June 2014

Diagnosis: cancer

  1. Suzanne Balimann-Oertli has beaten cancer three times. She refused to give up for the sake of her three children.
  2. Initially, Martin Wettstein wanted to keep his cancer diagnosis to himself. Today he is happy he didn't.
  3. Rosmarie Pfau never saw herself as a victim. She learned to overcome her fear and block negative thoughts.
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Suzanne Balimann-Oertli has beaten cancer three times. She refused to give up for the sake of her three children.

Suzanne

How did the diagnosis change your life?

Ever since a tumour was discovered in my breast in adulthood, I have known that life is not all sweetness and light. But the disease has also given me strength, since I have overcome it three times. As a baby I had a retinal tumour, and then later I was diagnosed twice with breast cancer. Some people are unlucky enough to die the first time around.

What was the worst part?

The fatigue and sickness that came with the chemotherapy got me down the most. I wasn't able to give my three children the care they needed. When I received my breast cancer diagnosis, my youngest son was eight months old. This placed an additional strain on me and led to feelings of guilt. Thankfully, though, my mother and my mother-in-law were a tremendous help. I also hated losing my hair. When you're a cancer patient, you already feel bad on the inside; to be marked on the outside as well is tough to deal with.

What helped you come to terms with your illness?

My husband was a rock. He picked up a lot of the slack and was always there when I needed him. I was also buoyed the optimism and good spirits of the nurse who accompanied me throughout my treatments. My children also spurred me to carry on, simply by being there. I would never have given up for their sake.

Did your attitude towards life and death change?

I get less worked up over the little things. If the house is a bit of a mess, I say to myself, so what? I have now accepted death as a part of life.

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Initially, Martin Wettstein wanted to keep his cancer diagnosis to himself. Today he is happy he didn't.

Martin

How did the diagnosis change your life?

I was happy to know what was wrong at last. It took a number of examinations to figure out why I was suffering from such unbearable stomach ache. The diagnosis did not change my life to any significant degree. Just two weeks after the operation I was back at work again. I changed my diet for a while, but I never allowed the illness to take away the pleasure I derived from my food.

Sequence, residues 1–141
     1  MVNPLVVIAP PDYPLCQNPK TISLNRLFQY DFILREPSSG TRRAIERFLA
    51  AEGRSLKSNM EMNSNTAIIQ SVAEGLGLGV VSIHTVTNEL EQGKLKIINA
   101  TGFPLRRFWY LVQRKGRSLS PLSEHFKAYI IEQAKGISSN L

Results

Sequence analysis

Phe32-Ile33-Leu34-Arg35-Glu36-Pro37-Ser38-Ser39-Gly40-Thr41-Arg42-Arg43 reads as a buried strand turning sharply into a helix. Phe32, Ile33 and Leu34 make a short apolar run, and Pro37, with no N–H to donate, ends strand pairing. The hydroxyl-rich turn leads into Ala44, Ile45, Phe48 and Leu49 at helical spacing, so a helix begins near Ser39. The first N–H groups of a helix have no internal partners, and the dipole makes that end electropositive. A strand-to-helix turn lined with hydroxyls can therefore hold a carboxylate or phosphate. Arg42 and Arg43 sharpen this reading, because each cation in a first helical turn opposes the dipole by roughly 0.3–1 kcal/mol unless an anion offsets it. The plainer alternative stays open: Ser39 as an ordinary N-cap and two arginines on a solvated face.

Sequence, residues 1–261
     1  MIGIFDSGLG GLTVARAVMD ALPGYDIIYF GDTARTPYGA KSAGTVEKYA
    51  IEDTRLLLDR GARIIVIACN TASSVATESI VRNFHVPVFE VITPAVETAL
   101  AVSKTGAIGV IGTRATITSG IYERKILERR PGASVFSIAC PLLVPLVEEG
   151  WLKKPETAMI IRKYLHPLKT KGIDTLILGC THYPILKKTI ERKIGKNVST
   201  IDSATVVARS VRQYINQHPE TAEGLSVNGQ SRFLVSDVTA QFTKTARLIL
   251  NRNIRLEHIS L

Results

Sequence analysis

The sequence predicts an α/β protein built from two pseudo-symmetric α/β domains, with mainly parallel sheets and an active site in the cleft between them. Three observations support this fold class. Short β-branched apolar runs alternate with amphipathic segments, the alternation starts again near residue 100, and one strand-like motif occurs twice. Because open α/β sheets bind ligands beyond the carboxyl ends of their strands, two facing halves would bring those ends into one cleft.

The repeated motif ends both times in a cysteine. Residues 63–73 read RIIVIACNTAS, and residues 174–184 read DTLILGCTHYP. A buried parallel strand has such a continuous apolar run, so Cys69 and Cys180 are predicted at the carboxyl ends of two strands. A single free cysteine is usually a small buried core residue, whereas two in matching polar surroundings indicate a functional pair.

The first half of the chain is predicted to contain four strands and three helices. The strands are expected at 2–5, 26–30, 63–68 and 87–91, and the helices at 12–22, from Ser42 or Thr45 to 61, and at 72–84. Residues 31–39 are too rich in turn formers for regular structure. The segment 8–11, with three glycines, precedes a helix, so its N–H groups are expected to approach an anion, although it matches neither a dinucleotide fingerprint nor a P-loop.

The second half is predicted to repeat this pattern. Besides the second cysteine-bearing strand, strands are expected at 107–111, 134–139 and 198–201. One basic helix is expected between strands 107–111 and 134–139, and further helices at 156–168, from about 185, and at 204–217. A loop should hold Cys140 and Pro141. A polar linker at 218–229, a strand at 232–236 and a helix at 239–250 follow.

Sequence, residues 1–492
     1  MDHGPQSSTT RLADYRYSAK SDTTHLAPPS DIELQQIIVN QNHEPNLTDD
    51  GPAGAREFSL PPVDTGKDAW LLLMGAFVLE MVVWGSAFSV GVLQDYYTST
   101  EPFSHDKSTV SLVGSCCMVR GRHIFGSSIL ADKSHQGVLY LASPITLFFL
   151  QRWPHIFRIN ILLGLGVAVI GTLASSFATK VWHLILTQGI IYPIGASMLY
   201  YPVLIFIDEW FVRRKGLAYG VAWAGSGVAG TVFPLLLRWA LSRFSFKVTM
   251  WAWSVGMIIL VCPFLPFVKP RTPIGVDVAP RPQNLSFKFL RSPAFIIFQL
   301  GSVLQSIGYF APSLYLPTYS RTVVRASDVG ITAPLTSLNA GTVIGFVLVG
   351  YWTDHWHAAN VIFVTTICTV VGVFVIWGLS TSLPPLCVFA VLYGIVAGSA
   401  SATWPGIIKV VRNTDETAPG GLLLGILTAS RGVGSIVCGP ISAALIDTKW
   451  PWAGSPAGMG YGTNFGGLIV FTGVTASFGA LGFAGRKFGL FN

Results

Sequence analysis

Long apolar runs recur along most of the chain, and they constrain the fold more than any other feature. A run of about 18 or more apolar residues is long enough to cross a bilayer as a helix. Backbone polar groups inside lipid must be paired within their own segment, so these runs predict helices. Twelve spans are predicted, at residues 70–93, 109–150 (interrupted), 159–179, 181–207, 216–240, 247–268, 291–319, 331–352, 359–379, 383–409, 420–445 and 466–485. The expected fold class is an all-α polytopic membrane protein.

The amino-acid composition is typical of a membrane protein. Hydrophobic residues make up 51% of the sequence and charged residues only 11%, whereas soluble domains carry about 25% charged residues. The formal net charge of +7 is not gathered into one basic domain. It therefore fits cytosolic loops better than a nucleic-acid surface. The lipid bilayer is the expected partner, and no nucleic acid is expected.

What was the worst part?

At the beginning I thought that life would never be the same again, that now I was one of the «sick people». That bothered me. The type of tumour I had can sometimes evolve into other forms of cancer; it was difficult to carry this knowledge around. I was able to overcome these thoughts relatively quickly, however.

What helped you come to terms with your illness?

The moral support I received from my family and friends. My wife proved to be my biggest advocate and before long knew what was going on with my illness even earlier than I did. At the beginning I wanted to keep everything to myself, but when I look back I'm glad I didn't. The people around me treated me normally; they didn't mollycoddle or pity me.

Did your attitude towards life and death change?

I make a conscious effort to enjoy life, and try to live each day to the fullest. I'm now probably more intolerant of people who complain and moan all the time. I've never feared death, neither before nor after my diagnosis. For me, death is something quite normal, like birth, adolescence or growing old. Worrying about it isn't any use, since we can't change it

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Rosmarie Pfau never saw herself as a victim. She learned to overcome her fear and block negative thoughts.

Rosmarie

How did the diagnosis change your life?

A follicular lymphoma was discovered by chance during a routine check-up with my gynaecologist. «Lymph gland cancer, incurable»: I was totally blindsided; I thought to myself, I'm going to die soon. My daughters were 12 and 21. I was a single mother.

What was the worst part?

At the beginning, I was told to wait and see. Excuse me? I have cancer and you're not going to treat me immediately? I couldn't find any information on lymphoma. My younger daughter expressed her fear through aggression, which was extremely trying, even though we always knew she didn't mean anything bad by it.

What helped you come to terms with your illness?

Information helps me get things under control. So I started to take an active role in my illness and founded a patient group. Open and honest communication within my family was also extremely valuable. I never saw myself as a victim; I didn't want to be a whining mother. I learned to break out of the cycle of aggression, to pay attention to my thoughts and words, and to block negative thoughts.

Did your attitude towards life and death change?

The experience with my illness has steered me in a new direction. Having to deal with my illness on a daily basis and stare death in the face – it has changed me, but not for the worse. I sometimes wonder why people get so worked up all the time. I live in the here and now, and I've accepted that this disease is just part of my life. Today I am more courageous and I'm not afraid to try out new things.